Christmas season in other countries usually starts late in November or early December. But in the Philippines, as early as September, you will begin to hear Christmas songs being played and see houses being decorated. The most common and widely used decoration unique to the Philippines is the parol which is almost always present in every house. It is a star-shaped lantern that symbolizes the star of Bethlehem that became the guide for the Three Kings to be able to find the manger of Jesus Christ. Being a Christmas ornament native to the Philippines, an annual festival of parol is being held in December on a Saturday before Christmas Eve. It is called the Giant Lantern Festival celebrated in the City of San Fernando, Pampanga.
The Philippines had been colonized by the Spaniards for more than 300 years that is why Spanish religion, culture, tradition as well as language are still prevalent. The word parol is not an exemption. This word is derived from the Spanish word farol, meaning “lantern”.
The ornament parol is traditionally made out of bamboo and paper. It started as a five-pointed star made out of strips of bamboo as its skeleton with colored Japanese paper as its cover and it is illuminated using a candle. It was also used to light the paths of the people attending dawn Masses or Misa de Gallo during the yuletide season because there is no electricity yet in a number of rural areas.
The parol started as paper and bamboo lantern but has evolved incredibly over time. Now, it comes in various shapes and sizes, some are even made of glass, plastic or metal. Even the lights used have become modern as well, but generally, the basic star pattern still remains dominant.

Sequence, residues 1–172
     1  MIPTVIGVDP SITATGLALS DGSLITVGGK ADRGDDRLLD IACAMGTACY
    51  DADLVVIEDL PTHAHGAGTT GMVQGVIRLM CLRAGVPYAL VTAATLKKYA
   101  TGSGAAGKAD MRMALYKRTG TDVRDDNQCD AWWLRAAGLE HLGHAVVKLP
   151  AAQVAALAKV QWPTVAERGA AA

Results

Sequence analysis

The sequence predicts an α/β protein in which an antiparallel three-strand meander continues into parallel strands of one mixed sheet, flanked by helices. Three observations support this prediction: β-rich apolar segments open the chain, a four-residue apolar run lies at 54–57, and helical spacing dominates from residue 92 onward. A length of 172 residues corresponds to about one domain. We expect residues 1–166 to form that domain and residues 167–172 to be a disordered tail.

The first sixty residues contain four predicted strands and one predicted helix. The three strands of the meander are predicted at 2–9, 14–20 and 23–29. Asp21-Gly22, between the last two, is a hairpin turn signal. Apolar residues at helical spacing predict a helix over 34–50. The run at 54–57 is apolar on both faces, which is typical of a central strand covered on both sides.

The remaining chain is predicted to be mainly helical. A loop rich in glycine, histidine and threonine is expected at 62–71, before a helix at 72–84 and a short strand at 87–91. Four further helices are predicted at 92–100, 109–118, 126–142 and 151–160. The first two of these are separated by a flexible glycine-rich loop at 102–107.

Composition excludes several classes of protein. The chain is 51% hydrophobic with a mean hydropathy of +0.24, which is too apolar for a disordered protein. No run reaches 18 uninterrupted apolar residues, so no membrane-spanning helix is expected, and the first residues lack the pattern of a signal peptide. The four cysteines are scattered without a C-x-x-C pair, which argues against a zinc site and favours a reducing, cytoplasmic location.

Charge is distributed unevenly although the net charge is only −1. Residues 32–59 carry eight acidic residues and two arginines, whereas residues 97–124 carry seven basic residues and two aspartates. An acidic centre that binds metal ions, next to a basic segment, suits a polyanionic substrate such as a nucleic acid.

Though the word parol is of Spanish origin, the artisan who originally crafted it is a Filipino. The five-pointed star lantern was originally created by an artisan named Francísco Estanislao in 1908. He is an artisan from Pampanga, the place which hosts the annual Giant Lantern Festival in the Philippines.
The Giant Lantern Festival in Pampanga is an annual Christmas event that has become so popular that the province where the festival is being held has been named the “Christmas Capital of the Philippines “. It attracts various craftsmen from across the archipelago mainly because the festival features a giant lantern competition.
The festival started as a religious activity known as “lubenas” wherein the parols are brought in procession around the barrio during the nine-day novena before Christmas. This coincides with the simbang gabi from December 16 to 24. The lanterns are then brought to the town church together with the barrio patrons before the midnight mass on Christmas Eve.
This traditional lantern gradually evolved and the lanterns became bigger with designs becoming more intricate. The lanterns are created by each barrio by using bamboo and other locally available materials. Through the years, more innovations were made to the lanterns. Traditional papel de hapon was replaced by colored plastics. Then the colored plastics used were changed to fiberglass. The bamboo was then replaced by metals. And lanterns now have considerably grown in size. Some are approximately 20-feet tall or 40-feet in diameter. They are being illuminated using about 3,500 to 5,000 pieces of light bulbs.
But even though the lanterns have gone a considerable number of changes, the main goal of the festival still remains the same. One big lantern is made by each barrio with everyone building or contributing to it through a cooperative effort. These lanterns symbolize the cooperation of the people. It is a representation of unity for the barrios.